147 miles odometer, 143 miles (google maps) (odometer error 3%)
90 miles highway (60-75 mph) est. 68 mph average
53 miles local/stop&go, speed less than 50 mph
Top case and two side cases, windshield full up
Air Temp 75F
2.877 gallons between fills (error allowance +0.1 gallons), 143.2 miles,
average 143.2/2.877 = 49.8 mpg (with error allowance 143.2/2.977=48.1 mpg)
Next Up: A test run of lambda 1.08 (AFR 15.9:1) 8% leaner than stock
08-09-2013, 11:36 AM
Running the Oilhead Very Lean
The Innovate Motorsports LC-1 has two analog channels. One is usually used to simulate a Narrowband O2 output. The other analog channel is usually set to drive an AFR gauge, however it is possible to program it to simulate a Narrowband O2 output as well.
With that in mind Analog 1 to lambda = 0.93 (7% rich, 13.65:1 AFR) and Analog 2 to lambda = 1.08 (8% lean, 15.9:1 AFR). By means of a selector switch you can choose which mixture the Motronic is using, even while running down the road.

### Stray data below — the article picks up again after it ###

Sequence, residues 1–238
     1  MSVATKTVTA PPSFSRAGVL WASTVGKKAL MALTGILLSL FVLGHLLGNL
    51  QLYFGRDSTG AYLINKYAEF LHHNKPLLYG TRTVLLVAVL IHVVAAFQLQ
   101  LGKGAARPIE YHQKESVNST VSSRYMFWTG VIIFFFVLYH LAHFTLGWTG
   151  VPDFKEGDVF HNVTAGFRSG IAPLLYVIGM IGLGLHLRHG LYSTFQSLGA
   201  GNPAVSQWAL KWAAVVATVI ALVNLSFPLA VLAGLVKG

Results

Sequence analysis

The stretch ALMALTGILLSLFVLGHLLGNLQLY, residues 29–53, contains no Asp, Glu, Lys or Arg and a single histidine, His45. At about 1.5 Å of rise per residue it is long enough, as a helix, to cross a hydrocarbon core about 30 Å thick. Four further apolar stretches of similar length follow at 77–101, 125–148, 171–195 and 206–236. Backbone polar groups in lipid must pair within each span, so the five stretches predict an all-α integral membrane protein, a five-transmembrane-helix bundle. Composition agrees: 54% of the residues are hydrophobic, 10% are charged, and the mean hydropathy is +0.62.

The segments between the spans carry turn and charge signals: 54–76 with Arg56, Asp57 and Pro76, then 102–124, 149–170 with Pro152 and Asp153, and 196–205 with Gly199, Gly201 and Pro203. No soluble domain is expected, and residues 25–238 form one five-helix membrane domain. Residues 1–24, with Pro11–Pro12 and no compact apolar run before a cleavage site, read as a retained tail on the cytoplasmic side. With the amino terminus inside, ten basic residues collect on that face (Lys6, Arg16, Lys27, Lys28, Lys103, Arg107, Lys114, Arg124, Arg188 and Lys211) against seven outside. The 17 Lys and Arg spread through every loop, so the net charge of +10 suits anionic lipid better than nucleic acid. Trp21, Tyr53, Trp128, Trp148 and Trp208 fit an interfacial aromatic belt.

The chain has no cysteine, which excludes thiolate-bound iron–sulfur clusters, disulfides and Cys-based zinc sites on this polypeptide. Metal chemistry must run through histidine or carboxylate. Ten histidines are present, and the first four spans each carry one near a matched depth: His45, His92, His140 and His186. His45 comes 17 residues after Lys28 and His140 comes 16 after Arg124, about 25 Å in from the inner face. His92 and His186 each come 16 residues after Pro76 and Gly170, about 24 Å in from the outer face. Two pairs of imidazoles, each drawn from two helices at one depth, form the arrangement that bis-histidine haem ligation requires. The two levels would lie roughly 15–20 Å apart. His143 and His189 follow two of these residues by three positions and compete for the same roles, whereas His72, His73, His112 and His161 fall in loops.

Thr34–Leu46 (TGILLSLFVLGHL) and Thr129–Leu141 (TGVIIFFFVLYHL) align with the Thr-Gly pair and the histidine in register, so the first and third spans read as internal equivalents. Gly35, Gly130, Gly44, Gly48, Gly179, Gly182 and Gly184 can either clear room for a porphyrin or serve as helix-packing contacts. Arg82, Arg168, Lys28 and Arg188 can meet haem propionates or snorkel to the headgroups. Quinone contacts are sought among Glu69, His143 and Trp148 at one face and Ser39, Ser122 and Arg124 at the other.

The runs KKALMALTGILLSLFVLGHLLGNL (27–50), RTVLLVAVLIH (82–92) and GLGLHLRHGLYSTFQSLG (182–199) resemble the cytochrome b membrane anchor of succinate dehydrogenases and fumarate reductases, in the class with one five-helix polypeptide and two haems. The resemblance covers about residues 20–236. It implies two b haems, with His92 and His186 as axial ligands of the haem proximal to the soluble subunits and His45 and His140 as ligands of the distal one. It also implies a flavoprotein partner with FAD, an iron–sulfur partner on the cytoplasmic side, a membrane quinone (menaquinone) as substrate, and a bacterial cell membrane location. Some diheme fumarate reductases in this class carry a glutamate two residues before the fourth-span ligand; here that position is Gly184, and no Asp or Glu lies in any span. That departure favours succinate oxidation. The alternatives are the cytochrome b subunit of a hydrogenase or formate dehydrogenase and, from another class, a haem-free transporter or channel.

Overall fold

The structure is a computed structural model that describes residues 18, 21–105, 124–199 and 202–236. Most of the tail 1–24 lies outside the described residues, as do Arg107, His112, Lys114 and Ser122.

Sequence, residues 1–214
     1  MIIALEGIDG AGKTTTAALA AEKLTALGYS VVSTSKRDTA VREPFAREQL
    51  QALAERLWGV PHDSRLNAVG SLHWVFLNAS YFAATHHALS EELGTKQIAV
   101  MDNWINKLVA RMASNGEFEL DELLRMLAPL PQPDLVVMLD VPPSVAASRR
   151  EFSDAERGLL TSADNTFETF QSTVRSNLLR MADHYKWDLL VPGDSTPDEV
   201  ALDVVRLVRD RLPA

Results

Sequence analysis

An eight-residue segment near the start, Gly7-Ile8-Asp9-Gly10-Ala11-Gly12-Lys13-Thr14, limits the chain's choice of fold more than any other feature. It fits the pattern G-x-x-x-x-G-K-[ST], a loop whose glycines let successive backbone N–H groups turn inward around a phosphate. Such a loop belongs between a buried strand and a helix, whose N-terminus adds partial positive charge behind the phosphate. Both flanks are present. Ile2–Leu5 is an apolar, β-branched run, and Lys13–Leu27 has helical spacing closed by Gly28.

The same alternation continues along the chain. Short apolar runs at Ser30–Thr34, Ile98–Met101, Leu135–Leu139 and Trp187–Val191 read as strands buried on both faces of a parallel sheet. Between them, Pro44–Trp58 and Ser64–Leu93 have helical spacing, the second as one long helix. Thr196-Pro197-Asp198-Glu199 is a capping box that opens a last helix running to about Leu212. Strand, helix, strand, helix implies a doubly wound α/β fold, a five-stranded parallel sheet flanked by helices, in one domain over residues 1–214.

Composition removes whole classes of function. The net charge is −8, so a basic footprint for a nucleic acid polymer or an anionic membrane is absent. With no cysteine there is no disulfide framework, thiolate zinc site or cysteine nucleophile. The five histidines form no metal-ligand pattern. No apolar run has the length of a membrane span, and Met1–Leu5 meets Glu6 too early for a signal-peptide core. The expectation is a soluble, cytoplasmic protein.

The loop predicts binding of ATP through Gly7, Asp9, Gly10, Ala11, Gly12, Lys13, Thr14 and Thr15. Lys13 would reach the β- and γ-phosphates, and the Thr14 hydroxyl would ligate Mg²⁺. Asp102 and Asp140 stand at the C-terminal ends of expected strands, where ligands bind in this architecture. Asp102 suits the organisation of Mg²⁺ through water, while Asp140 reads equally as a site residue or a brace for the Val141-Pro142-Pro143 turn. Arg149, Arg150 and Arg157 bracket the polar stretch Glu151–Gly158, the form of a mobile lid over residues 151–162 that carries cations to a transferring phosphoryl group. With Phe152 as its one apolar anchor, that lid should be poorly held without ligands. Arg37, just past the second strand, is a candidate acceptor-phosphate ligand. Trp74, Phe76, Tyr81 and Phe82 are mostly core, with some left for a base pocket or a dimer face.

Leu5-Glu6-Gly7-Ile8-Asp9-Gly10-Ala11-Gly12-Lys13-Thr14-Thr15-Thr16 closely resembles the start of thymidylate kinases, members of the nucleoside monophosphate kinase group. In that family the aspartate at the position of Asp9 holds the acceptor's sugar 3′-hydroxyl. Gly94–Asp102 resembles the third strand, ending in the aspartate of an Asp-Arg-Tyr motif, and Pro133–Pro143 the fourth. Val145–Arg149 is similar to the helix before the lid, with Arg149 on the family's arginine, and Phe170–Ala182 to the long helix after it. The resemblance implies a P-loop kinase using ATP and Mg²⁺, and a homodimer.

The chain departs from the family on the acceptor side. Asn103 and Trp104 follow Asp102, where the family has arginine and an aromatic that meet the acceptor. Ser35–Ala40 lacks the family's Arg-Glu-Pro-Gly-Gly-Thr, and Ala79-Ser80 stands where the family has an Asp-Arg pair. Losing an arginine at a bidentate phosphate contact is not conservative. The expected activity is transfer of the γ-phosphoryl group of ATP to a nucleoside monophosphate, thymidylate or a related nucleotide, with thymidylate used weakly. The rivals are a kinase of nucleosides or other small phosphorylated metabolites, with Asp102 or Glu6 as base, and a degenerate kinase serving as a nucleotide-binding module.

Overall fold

You can see in the chart below how easily the Motronic moves from Closed Loop at 7% rich to Closed Loop at 8% lean, and also how well it holds Closed Loop at either setting. Also on the chart is a reference line at 14.7:1 which represents the stock oxygen sensor setting.
I had a chance today to make a 50 mile run with Closed Loop at the very lean setting of lambda = 1.08. Some observations:
--The Motronic easily adjusts to 1.08. This wasn't a very long test but under riding conditions over the 50 miles the bike seemed to be running normally, but with, for lack of a better phrase, a more anemic feeling.